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DOT restarts process to determine the future of the Scajaquada

Efforts to come up with a plan for Buffalo's Scajaquada Corridor have stalled in the years since a tragic accident killed a 3-year-old boy in Delaware Park. That 2015 incident, in which a vehicle veered off the road and into the park's ring road, led to the speed limit on the 198 being reduced from 50 to 30 mph and the installation of additional barriers.

Over the last few years, numerous ideas has been proposed, and rejected, for Route 198 along the park. The process of developing a new vision of the road has now been restarted by the state Department of Transportation.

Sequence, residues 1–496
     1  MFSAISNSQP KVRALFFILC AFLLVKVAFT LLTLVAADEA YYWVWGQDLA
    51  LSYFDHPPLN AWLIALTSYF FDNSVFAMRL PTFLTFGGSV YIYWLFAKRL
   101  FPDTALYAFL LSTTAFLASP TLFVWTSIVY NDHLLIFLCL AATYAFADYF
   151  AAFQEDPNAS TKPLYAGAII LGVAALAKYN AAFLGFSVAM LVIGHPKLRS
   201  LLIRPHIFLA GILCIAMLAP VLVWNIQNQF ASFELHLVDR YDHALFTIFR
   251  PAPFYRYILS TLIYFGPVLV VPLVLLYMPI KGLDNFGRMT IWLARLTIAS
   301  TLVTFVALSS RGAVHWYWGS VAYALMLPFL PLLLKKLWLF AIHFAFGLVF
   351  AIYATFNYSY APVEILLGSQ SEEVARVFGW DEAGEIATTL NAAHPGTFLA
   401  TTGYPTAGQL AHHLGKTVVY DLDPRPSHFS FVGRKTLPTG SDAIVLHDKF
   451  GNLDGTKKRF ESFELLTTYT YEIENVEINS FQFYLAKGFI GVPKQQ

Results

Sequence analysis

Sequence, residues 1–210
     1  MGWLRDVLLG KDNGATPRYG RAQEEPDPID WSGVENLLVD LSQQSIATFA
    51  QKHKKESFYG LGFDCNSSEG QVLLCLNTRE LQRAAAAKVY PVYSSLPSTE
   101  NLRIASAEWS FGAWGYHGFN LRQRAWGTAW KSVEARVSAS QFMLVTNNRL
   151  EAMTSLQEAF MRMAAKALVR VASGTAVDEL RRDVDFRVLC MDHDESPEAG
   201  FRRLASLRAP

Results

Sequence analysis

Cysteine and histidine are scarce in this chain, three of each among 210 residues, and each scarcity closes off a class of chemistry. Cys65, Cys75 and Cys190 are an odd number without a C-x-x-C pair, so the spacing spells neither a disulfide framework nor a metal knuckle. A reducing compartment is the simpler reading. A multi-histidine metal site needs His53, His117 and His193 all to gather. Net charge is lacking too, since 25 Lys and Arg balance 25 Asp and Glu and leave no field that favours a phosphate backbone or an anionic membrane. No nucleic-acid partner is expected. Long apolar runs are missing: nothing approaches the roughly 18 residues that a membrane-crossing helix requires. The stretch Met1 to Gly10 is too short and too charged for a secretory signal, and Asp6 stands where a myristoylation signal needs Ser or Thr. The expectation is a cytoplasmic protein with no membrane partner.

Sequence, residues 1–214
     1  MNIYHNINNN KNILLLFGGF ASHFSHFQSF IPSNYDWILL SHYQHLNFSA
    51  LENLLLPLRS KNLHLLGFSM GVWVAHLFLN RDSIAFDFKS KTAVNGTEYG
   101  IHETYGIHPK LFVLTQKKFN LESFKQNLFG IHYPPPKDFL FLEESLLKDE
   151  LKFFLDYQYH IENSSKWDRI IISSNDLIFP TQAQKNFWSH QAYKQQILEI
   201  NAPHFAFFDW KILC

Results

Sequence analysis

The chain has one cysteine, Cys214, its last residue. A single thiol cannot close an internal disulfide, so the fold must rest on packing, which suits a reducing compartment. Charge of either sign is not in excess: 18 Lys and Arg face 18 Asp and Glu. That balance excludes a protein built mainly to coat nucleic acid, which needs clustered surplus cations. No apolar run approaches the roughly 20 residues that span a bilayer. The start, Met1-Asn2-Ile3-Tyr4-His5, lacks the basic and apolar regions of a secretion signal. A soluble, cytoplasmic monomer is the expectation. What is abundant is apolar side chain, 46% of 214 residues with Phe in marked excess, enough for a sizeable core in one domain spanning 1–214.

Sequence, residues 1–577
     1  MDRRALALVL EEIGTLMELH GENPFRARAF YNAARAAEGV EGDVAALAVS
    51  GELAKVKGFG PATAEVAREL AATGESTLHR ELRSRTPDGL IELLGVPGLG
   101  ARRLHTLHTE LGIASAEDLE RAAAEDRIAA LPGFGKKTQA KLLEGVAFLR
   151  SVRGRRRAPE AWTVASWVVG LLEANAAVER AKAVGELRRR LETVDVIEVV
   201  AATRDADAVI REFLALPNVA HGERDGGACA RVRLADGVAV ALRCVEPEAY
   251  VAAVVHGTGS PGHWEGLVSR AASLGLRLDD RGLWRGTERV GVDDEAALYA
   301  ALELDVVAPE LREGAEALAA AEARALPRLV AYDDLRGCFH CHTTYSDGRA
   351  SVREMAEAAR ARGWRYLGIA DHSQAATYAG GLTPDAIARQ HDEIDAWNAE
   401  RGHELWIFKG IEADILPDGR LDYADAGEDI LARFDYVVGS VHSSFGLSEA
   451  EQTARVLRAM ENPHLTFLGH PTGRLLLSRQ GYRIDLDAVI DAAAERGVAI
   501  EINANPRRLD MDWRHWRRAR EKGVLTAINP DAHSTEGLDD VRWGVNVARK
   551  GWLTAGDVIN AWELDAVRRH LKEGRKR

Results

The new collaborative planning process will now be led by the Greater Buffalo-Niagara Regional Transportation Council. The council will begin by establishing a steering committee of community stakeholders. That process will involve community leaders, elected officials, transportation experts and the public.

“The Scajaquada Corridor is significant in the Buffalo-Niagara Region and this new study will help define how to strengthen its assets to make the entire region even more vibrant and prosperous,” DOT Commissioner Marie Therese Dominguez said, in a statement. “We look forward to working with the community on a transformational vision, identifying the multimodal transportation access and mobility solutions that can best support it now and into the future.”

In the statement, the DOT said a clear consensus has not emerged on the future of the Scajaquada to the point where projects could proceed and there is a need to reset the discussion.

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